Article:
Hola a tod@s, my dear friends.
I would like today to share an article published in IntraMed by Dr. Rubén Mayer (only available in Spanish) on non-verbal communication. This is our summary.
Our body speaks beyond words.
In his book “Nonverbal communication”, Sergio Rulicki defines it as a complement to the words and transmitted language through different channels: we talk also throughout the body.
Constantly patients test the non-verbal potential of healthcare providers with their ability to generate reactions with almost everything they share in their personal stories. This flow of emotions exerts a physiological and psychological pressure that has turned outward bodily gestures, postures and modes of speaking. Gestures we express non-stop, most of the time in unconscious way and without even to be there nor have any possibility of control or avoid them.
People, in this sense, are the set of expressions inherited plus those acquired through our particular culture (family, country, region, gender, economic and power status); what we learn in the training and our particular repertoire is added to it.
And following this, hidden messages are built to reinforce or contradict what our words want to mean. Other times – when it is better not to talk or we do not know how – they replace them.
Our non-verbal communication, through its different modalities, speaks to patients about how we are interacting with them, if we empatize with them or they produce rejection; if we pay attention or are dispersed; how we value what we see and hear and if we’re being honest or simulating.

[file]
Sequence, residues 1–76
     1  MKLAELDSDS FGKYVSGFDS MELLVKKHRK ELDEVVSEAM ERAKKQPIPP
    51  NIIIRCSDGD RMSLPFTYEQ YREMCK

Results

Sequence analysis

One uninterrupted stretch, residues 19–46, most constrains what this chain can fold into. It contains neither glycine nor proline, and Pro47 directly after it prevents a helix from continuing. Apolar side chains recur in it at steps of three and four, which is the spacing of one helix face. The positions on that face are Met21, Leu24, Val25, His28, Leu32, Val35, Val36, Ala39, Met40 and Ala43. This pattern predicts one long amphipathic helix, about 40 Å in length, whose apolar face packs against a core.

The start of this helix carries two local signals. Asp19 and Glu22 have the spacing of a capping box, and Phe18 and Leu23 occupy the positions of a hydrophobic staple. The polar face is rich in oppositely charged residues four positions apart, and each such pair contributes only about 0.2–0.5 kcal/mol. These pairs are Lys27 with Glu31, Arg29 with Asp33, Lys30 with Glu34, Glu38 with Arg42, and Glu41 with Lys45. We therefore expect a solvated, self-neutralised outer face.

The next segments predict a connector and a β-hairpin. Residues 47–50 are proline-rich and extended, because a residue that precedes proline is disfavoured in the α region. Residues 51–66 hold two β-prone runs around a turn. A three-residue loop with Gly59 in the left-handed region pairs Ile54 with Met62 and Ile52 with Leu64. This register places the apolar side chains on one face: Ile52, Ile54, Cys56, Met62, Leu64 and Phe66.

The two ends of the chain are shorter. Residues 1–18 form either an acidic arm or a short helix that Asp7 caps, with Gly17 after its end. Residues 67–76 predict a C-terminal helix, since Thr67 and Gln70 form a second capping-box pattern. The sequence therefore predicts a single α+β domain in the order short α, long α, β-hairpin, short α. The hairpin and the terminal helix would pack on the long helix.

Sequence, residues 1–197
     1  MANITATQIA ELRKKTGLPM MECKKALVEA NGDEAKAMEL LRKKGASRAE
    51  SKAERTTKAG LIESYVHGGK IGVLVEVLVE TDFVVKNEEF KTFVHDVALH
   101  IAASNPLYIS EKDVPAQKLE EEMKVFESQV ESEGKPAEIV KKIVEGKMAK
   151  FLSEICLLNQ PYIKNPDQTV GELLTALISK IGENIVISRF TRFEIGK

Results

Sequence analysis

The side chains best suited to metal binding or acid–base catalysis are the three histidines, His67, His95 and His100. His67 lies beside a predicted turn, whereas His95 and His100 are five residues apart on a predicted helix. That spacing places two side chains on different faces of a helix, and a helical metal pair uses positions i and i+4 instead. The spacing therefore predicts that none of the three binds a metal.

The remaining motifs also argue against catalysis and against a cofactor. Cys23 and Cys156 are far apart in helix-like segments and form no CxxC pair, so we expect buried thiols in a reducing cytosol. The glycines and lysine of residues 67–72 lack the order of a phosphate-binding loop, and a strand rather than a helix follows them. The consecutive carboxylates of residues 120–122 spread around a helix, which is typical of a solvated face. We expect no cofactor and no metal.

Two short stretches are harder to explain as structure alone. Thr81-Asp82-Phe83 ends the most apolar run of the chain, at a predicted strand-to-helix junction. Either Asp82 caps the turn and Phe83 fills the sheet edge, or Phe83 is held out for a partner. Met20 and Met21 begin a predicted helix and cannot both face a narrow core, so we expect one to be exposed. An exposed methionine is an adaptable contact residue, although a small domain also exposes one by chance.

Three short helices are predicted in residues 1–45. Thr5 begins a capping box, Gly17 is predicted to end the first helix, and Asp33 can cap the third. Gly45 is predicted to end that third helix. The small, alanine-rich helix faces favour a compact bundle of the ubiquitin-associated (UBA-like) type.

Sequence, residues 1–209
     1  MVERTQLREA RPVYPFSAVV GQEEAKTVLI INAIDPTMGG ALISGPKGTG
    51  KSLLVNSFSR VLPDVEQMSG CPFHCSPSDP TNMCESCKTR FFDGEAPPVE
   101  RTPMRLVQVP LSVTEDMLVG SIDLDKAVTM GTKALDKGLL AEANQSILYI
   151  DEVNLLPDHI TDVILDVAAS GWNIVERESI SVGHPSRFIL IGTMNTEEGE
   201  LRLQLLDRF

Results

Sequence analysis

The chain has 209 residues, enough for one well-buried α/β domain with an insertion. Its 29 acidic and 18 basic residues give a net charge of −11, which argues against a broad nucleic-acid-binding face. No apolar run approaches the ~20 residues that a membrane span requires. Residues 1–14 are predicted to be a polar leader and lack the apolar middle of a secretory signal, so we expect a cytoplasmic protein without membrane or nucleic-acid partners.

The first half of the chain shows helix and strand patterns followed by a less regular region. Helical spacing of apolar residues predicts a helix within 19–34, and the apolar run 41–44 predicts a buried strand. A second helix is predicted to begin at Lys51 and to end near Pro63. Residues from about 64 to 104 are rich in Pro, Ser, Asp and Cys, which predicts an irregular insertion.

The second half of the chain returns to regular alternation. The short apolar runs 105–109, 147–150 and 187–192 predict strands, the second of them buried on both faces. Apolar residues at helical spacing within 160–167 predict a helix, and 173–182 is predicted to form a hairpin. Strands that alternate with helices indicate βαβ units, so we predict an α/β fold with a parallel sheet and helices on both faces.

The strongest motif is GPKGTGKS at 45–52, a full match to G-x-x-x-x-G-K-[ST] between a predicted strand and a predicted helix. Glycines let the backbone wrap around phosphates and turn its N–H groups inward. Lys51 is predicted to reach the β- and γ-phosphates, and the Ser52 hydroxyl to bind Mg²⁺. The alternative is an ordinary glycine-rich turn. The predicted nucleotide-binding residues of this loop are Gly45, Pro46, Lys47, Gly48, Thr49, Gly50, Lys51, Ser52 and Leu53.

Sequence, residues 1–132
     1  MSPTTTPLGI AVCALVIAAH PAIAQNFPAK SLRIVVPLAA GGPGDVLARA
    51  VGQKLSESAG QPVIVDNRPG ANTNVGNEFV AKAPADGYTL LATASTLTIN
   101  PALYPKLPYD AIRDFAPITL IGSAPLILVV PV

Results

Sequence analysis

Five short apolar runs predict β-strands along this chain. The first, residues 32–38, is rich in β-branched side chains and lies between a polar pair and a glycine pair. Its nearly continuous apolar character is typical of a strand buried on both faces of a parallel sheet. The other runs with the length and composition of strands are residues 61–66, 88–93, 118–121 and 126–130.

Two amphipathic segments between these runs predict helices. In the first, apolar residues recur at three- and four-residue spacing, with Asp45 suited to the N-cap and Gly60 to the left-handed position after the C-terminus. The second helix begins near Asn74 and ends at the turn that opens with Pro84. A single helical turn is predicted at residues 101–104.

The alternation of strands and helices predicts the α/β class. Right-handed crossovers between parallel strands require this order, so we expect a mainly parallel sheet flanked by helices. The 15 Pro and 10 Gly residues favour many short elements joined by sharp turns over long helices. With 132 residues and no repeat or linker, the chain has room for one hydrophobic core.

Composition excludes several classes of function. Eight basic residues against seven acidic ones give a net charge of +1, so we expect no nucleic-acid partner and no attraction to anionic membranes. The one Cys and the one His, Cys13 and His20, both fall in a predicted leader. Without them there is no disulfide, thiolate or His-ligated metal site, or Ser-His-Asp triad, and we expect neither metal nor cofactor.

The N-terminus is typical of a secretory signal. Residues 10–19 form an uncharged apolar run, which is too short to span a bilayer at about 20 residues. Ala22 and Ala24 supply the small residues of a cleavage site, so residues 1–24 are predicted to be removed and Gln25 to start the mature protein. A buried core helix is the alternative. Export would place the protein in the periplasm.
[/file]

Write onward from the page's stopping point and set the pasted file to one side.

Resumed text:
The healthcare professional-patient relationship is face to face, direct and high emotional co. And patients seek in gestures, glances and movements what they do not understand from our verbal language.
– How to give hand to receive and to dismiss the patient: looking or not looking in the eye, with the body front or profile, intense or weak, short or long, with the arm flexed or stretched.
– How fast we are talking about, asking, reviewing, seeing studies or making recipes.
– If we make eye contact and listening to the patient or to communicate information and relevant decisions, or distance ourselves looking at the computer screen.
– How we explore them: completely and systematically review, or just hinting at hand or stethoscope through their clothes; or just we don´t do it.
– If we physically position ourselves above or at the same level.
Communication, non-verbal and verbal, is one way that health professionals follow inevitably and intuitively.
In some countries, training in healthcare professional-patient communication is mandatory. However, in our country this preparation is not built-in mass and formally in medical/nurse education and the approach will depend on individual initiative. In this sense, the virtual book of Dr. M. Carmen Vidal and Benito (only avaliable in Spanish) that Intramed published a few years ago is one of the tools.
There is a clear line of improvement in this field, isn´t there?.